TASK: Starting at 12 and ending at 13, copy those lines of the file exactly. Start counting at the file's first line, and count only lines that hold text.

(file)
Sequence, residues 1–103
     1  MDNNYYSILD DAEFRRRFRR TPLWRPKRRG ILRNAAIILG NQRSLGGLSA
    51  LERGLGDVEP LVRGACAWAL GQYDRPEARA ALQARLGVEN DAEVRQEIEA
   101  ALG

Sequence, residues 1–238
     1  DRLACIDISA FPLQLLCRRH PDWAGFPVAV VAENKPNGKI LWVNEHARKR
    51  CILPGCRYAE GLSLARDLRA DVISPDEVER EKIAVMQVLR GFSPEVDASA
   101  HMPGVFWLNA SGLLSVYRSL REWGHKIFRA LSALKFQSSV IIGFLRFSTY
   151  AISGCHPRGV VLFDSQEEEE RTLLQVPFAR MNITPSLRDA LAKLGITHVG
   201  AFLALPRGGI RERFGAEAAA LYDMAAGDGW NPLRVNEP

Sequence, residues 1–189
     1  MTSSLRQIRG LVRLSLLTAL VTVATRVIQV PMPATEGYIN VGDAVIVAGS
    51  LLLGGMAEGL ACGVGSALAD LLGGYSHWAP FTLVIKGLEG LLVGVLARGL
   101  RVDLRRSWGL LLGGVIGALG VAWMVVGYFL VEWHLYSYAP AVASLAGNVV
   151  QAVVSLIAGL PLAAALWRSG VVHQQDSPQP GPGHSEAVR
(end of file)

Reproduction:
     1  MTSSLRQIRG LVRLSLLTAL VTVATRVIQV PMPATEGYIN VGDAVIVAGS
    51  LLLGGMAEGL ACGVGSALAD LLGGYSHWAP FTLVIKGLEG LLVGVLARGL